I’ve harbored this weird obsession with fake glasses for the past year. I know they go against my anti-hipster bent, but what can I say? I want in on the cult.
It all began in London. While studying abroad, I spent nearly every Friday morning perusing Portobello Market — a huge outdoor cluster of street vendors in Notting Hill. At the market, there was a sunglass stand owned by this hilarious vendor who always wore giant plastic clown glasses. He’d help everyone figure out exactly which pair they should buy — throwing frames around the tent and giving customers a thumbs up or a thumbs down.
Once, I put on a pair of square fake glasses and peered into one of the stand’s tiny mirrors. I loved them, and I waved down the owner for a second opinion.
“No, no,” he said. “You look too serious in those. You look like my doctor.”
“Oh,” I said. Reluctantly, I put them down, bought a pair of huge tortoiseshell sunglasses and tried to forget about my craving for fake specs.
I had all but given up on my dream of looking like a bookish young coed until a few weeks ago, when I borrowed my friend Justin’s pair of plastic glasses for a day.
Immediately, I became re-infatuated and went out to buy a pair for myself. But thus far, they’ve been sitting on top of my dresser with the price tag still attached ($6 at Forever 21, if anyone’s interested). I’m chickening out — I’m too afraid of people making fun of me when I wear them.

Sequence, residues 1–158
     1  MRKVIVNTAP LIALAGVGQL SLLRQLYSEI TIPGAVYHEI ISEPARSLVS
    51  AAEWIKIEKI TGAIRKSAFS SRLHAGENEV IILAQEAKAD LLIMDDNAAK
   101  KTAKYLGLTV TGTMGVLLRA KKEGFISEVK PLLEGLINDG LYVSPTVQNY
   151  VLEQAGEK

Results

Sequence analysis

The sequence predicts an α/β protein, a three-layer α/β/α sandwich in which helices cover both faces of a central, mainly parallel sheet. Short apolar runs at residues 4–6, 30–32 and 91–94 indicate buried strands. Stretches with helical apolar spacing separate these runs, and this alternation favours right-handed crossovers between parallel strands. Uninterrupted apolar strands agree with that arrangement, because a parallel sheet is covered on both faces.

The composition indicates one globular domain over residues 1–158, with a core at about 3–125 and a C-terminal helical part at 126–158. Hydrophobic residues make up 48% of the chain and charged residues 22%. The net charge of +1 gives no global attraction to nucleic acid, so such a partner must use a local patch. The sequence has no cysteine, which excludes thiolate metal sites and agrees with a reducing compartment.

Fashion, after all, is the most basic form of nonverbal communication — without a word, your dress can convey your personality. So what would fake glasses say about me? Either that I’m an extroverted attention craver or quiet and reclusive. You take your pick.
And it’s not just glasses. A few weeks ago, New York Magazine’s fashion blog, The Cut, posted an entry about the slowly evolving sweatpants trend.
But before any of you late sleepers get too excited, these aren’t the kind of sweatpants with “PITT” screen-printed down the leg. These are made of cashmere or high quality jersey and cut to look like much trendier pants.
The Cut’s article detailed how the trend started (with designers Alexander Wang and Isabel Marant) before explaining its paradox: To the untrained eye, they look sloppy and ridiculous, but to those in the fashion know, they look ahead of the curve. For all we know, everyone will be wearing harem sweatpants two years from now.
Despite my constant outcries against dressing like a slob, I actually kind of like the new iteration of sweatpants. But here’s the thing: Even if I did muster the courage to buy a pair, I’d be worried about how other people would perceive them — always fearing someone would cast me one glance and say, “Oh look, you’re a slob too.”
That’s the thing about fashion: For every person who praises your bravery to rock something different, there’s going to be someone who laughs hysterically at you the second you walk by. It’s up to you to decide who’s worth listening to.
As for me, I’m still trying to put on my brave face and wear my fake glasses in public. If and when I do muster enough confidence to head outdoors, please, I beg of you, be kind.